AUDRA MCDONALD [00:02:06] I don’t think that’s going to be it. But thank you.
JVN [00:02:08] Well, something. I’m just washing my face with the idea of it. I just, I’m just putting into the universe like you just got to speak into existence, but regardless. So the first time you were nominated and you’re, like, sitting, you’re like sitting in there. If, if you could just take us back, like, so you’re sitting there and you’re, like, because did you have
that moment where you’re like, “Oh my gosh, if I win this, like my life might change like this could like and what was that like?”
AUDRA MCDONALD [00:02:31] Well, when I was sitting at the Tonys. It was, like, 1994. And I just, the fact that I was there just was already mind blowing. And the whole, the whole evening was like just this out of body experience for me. I just, I was sort of, I had floated up and was just sort of watching it all happen from above. You know, it just, it, none of it seemed real. And it was this really weird moment from when, I think it was Tony Danza. I think actually who opened. Is that right? It might have been, I think was Tony Danza. And he opened the thing to say who the winner was. And as he opened it, I had this weird moment and I don’t think I’ve ever said this to anybody where I went, “It’s my name in there, he’s going to say my name.” It was this weird moment of like, “Oh my gosh, it’s my name,” but I hadn’t felt any of that at all until that moment. And then when he opened it, I was like, “Oh, my God is my name.” And then I heard my name. I was like, this is crazy. And then in that moment, I realized, oh, now I have to talk. I have to say something to all of these people that have meant everything to me my entire life. All these Broadway legends in this audience. And I walked up there thinking, I can’t talk. I don’t know what to say to them. I don’t, I don’t know how to say thank you. I don’t know my name right now.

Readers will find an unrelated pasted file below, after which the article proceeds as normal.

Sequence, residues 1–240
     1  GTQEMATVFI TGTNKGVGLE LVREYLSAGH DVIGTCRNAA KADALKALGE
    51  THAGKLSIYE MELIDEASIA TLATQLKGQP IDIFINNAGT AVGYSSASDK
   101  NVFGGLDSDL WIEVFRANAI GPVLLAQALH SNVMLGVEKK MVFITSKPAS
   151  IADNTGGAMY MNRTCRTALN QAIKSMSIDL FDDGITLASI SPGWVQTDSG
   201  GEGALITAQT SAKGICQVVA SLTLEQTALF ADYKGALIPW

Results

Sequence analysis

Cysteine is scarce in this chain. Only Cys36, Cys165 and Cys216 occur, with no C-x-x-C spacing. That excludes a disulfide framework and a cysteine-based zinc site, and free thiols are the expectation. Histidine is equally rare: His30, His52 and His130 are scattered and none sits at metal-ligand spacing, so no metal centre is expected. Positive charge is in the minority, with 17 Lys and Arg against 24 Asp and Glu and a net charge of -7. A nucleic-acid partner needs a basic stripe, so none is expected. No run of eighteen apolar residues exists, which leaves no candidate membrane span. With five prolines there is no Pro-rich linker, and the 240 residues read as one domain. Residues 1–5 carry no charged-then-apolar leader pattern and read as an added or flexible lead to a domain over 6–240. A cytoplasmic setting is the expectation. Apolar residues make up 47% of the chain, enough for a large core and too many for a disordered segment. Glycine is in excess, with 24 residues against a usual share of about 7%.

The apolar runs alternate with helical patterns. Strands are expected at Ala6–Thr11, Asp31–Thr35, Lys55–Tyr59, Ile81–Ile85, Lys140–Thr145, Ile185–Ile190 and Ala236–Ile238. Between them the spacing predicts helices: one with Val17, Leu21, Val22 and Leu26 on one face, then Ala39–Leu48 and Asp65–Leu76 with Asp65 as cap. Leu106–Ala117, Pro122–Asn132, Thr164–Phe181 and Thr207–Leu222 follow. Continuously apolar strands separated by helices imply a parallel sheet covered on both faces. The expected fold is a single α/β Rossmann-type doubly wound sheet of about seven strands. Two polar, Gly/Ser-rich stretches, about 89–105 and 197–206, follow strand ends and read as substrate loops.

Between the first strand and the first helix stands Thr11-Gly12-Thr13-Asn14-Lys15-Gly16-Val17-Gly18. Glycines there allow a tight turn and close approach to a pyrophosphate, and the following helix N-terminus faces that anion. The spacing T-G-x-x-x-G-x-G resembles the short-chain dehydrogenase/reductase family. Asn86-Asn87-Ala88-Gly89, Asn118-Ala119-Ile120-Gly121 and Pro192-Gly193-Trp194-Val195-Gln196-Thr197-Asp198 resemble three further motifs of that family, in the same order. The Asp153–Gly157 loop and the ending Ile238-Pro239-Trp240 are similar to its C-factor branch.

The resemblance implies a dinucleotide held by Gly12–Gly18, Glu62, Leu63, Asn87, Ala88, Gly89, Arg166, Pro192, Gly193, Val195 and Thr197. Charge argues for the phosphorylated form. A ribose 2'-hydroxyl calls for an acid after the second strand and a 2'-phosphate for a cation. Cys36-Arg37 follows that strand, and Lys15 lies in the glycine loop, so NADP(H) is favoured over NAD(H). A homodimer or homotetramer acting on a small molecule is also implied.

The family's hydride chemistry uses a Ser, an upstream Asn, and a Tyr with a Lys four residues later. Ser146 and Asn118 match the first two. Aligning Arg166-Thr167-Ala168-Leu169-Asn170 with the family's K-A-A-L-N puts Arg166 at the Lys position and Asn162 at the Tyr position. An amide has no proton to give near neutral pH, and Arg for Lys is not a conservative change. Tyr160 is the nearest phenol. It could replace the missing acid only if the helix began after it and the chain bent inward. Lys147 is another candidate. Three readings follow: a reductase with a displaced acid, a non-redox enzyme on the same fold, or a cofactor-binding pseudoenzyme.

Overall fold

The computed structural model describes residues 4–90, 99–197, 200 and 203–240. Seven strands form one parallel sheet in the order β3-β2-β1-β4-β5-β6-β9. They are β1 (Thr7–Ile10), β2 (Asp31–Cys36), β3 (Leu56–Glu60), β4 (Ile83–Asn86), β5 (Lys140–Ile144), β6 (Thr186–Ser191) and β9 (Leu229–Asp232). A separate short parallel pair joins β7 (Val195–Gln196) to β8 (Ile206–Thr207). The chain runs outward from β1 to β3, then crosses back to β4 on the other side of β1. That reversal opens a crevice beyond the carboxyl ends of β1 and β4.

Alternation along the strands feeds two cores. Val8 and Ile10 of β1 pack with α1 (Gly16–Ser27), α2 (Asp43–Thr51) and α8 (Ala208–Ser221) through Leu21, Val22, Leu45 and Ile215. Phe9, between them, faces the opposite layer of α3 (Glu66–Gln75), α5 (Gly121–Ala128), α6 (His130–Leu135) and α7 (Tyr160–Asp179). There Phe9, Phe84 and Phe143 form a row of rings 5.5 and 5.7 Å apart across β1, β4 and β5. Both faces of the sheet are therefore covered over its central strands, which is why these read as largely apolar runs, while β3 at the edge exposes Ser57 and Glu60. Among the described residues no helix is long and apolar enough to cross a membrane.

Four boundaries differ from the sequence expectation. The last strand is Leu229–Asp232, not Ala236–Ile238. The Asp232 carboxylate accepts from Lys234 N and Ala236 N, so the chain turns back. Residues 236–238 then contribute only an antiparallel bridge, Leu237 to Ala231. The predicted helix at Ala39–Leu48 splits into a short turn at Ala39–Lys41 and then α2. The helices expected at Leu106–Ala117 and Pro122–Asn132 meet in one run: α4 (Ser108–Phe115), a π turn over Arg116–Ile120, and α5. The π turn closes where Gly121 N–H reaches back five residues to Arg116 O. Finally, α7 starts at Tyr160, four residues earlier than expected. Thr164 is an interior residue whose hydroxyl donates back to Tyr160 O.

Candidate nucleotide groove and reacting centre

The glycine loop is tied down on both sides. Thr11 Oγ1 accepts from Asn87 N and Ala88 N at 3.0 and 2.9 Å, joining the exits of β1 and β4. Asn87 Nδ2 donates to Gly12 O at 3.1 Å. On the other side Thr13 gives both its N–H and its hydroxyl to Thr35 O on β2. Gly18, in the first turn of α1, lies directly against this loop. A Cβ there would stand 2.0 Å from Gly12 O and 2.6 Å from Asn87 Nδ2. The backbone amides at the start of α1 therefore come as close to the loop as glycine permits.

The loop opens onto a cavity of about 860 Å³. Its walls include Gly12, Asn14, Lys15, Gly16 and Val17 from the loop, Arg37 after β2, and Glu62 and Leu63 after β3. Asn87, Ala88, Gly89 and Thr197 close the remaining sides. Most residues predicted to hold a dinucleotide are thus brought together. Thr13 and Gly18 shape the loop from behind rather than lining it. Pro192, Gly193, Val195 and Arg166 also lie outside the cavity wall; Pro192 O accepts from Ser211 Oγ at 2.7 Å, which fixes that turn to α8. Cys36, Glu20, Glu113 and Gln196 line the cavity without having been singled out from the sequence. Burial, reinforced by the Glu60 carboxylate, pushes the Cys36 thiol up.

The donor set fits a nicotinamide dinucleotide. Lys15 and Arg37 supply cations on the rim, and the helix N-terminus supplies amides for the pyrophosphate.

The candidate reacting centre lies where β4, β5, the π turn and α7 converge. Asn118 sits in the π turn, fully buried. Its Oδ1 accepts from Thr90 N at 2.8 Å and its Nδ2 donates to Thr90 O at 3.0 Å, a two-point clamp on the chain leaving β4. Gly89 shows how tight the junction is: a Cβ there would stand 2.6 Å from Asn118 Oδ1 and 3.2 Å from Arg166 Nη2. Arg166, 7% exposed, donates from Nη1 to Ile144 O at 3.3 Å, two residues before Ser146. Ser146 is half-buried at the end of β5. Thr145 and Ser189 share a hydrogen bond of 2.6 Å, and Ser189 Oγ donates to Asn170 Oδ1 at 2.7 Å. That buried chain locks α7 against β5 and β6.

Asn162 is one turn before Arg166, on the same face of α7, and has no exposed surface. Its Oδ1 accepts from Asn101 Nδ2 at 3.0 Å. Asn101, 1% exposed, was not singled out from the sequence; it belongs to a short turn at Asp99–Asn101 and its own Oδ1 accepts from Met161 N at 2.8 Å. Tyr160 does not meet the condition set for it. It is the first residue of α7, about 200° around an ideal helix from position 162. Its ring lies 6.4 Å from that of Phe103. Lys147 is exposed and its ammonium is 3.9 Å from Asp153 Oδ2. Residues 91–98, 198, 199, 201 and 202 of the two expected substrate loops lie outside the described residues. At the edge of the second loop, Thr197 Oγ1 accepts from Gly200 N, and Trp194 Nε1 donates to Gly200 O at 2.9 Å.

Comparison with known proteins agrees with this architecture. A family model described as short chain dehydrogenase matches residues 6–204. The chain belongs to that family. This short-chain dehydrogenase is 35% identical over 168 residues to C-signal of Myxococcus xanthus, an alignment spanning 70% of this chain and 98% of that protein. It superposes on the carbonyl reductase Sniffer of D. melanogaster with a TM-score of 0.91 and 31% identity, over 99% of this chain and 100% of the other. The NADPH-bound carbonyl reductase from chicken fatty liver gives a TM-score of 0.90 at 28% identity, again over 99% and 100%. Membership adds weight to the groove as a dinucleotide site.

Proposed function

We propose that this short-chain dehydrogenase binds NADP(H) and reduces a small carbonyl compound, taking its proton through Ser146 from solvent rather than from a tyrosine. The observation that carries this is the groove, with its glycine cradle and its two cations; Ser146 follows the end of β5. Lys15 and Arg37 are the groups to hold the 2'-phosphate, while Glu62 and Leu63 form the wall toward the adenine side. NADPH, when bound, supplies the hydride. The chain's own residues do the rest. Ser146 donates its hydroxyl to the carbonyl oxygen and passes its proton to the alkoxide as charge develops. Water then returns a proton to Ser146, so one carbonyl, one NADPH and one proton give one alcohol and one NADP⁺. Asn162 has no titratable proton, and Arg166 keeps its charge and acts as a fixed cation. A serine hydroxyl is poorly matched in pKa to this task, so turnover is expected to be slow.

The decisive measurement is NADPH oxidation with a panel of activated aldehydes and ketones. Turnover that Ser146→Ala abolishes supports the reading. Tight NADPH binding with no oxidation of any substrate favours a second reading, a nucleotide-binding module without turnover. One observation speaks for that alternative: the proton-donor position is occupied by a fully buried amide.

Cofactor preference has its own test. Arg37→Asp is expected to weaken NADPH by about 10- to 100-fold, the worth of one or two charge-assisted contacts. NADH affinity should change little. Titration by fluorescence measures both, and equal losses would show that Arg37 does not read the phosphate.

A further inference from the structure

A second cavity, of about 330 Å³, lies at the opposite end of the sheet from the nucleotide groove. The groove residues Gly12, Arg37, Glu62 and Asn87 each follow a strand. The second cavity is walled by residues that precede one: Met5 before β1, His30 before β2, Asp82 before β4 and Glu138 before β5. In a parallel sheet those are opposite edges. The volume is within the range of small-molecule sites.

And I was shaking. I was so nervous. And he handed me the Tony and I turned around. I was like, what am I going to do? I don’t want to pass out. I don’t want to seem like an idiot. I hadn’t prepared a speech because I just didn’t think it would happen. And as soon as I turned to face this audience, the first face I see in the front row is Carol Channing. And she has this enormous Carol Channing smile. And, you know, I grew up loving her like free to be you and me, you know, housework, and just do what-, you know, all. I just loved her. She, her voice always reminded me of my grandmother. And I looked at her face and she was beaming. And it calmed me down. So I basically just sort of looked at Carol Channing the entire speech, because I was just like she’s going to calm me down. And she just looks, it’s just so, it’s such a warmth and joy radiating from her face. And I’m, I’m gonna be okay. I just felt so comforted by her in that moment. It was the craziest thing. And then come to find out years later that she, that she’s, that she’s, she’s Black. That, did you know that? That Carol Channing?
JVN [00:05:02] No.
AUDRA MCDONALD [00:05:02] Yeah. That her, I don’t know if it was her father. There’s somebody in her family who was Black. To the point where her mother said don’t have children because they might come out, they might look Black because of our, you know, our, our, our, you know, DNA. And then it would be, people would know that you’re not all white.